French citizens living in Istanbul have told Anadolu Agency that the Paris terror attacks were an assault on multicultural neighborhoods, where Turks, Arabs and French people lived together.
“Their target was an area where the Arabs and French live together happily,” said Turkish-French citizen Julide Yasar, 43, a businesswoman who has been living in Istanbul for the last 10 years, and grew up in Paris.
Speaking at a memorial at Istanbul’s French consulate this week, Yasar said people chose to live in areas with those from different backgrounds: “Most of my friends are living or working in that neighborhood as it is Paris’ most pluralistic district,” she said: “Arabs, Turks, Japanese, French…”
At least 129 people died and more than 300 people were injured in Friday night’s suicide and gun attacks at several locations — a stadium, restaurants, and a concert hall — in the City of Lights.
The terrorist group Daesh claimed responsibility for the Paris carnage.
The attacks also targeted Paris’ multicultural hipster neighborhood known by locals as the 11th arrondissement: five of the eight incidents on Nov. 13 took place in this neighborhood.
According to Yasar, Paris’ Turkish neighborhood is also located in the nearby 10th arrondissement. “Previously they attacked Charlie Hebdo’s intellectual cartoonists, saying they offended Islam but this time everybody on the street [was attacked],” she said. “This has nothing to do with Islam,” she added.
Yasar believes the target of the Friday attacks was the unity of France as well as the values that the country has been spreading all around the world.
“The French Enlightenment […] is just the opposite of that obscurantist, fundamentalist hatred,” she said, denouncing the killers for trying to demolish democratic structures. “Their main aim is to demolish the wall of democracy by removing every stone, one by one. In this regard, they are united with the ultra-right.”
A young French citizen living in Istanbul, who did not want to give her name, agreed with Yasar. “It is not even attacking our government; it is attacking our lifestyles, the way we live,” said the 22-year-old architecture student from Paris. Living in Istanbul for two months, she said: “At the beginning I thought it would be more dangerous here. I think it is dangerous everywhere these days.”
Another French person living in Istanbul is Francoise Guerin, 58, who said that the terrorist group Daesh “fights against the way we live”. Guerin, whose son lives in Paris, left the city on the day of the attack. “We must continue to live our values and to cultivate love and enjoy [life]; it is very important,” she said.
Soheib Bounendjel, 19, is a French business student at Istanbul’s Bilgi University. Living in Istanbul for the last three months, his family is originally from Algeria.
“I was shocked,” he tells Anadolu Agency: “I don’t understand what is going on.” As a Muslim Frenchman, he rejected any religious motivation for the murders, saying: “Maybe people will think that Muslims are responsible [for the attacks] but I hope people will be more clever and will understand that this has nothing to do with any religion in the world.”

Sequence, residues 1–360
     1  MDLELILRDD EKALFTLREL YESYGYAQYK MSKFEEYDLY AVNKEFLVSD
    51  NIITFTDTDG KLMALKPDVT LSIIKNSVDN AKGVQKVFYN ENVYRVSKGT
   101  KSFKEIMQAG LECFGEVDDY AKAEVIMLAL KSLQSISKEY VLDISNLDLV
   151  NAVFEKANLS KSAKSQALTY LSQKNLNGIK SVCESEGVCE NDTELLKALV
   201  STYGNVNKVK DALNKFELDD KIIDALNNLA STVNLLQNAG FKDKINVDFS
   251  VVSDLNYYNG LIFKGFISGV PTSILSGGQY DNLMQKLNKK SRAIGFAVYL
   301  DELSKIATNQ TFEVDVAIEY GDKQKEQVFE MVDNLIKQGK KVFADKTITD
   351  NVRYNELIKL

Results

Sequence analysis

An Istanbul-based French social science assistant professor — who did not want to give his name for fear his university might be targeted – suggested that France “needed a new security system” as it was not “prepared for these kinds of attacks”.
France’s president, Francois Hollande, has pledged to raise the budget for the country’s security forces after the attacks.
“We have to understand now that we really have to deal with this issue very seriously,” said the 35-year-old academic, who lived in Paris for a year and has been living in Istanbul for the last four.
Originally from the Lyon area, the academic warned: “Everybody could be a victim – Turks, French, Americans, Russians, English – we are in the same boat right now.”
Turkey’s capital Ankara experienced similar bloodshed on Oct. 10 when more than 100 people attending a peace rally were killed by twin suicide bombings.
Just a day before the terrorist attacks in Paris, at least 43 people were killed in twin suicide bombings in Beirut and on Nov. 13 dozens of people were killed in the Iraqi capital Baghdad.
“We are dealing with total terrorism; we are dealing with Nazi-like people,” he added.
The Paris attacks were the deadliest in Europe since the 2004 Madrid train bombings that killed 191 people, carried out mainly in the 10th and 11th arrondissements of Paris.
The French academic said he makes a point of visiting the neighborhoods hit by the killers when he is in Paris: “It is very nice when it is sunny; everybody lies down by the canal, or makes a picnic – it is like Galata, for example,” he said, referring to central Istanbul’s vibrant historical neighborhood.
“Maybe in Turkey you are more aware of issues [of terrorism] and danger,” he added as he explained that last time when he was in the Parisian neighborhood he asked himself: “Why there is no security?”
One of France’s top officials in Turkey is French consul-general in Istanbul, Muriel Domenach; she was shocked as everyone. “We are careful,” Domenach told Anadolu Agency just after the Istanbul commemoration event for the victims of the Paris murders.
Domenach spoke about living in Istanbul as news broke in Turkey that police here had foiled an attack, which was reportedly to be simultaneous with the massacres in Paris.
“We are all affected by this terrible threat; we should stand shoulder to shoulder,” said Domenach, 42, who was appointed to Istanbul two years ago.
“It is actually my neighborhood where I lived, the street that I took my kids to crèche, so all the places, the concert hall… all the places that I know,” she said.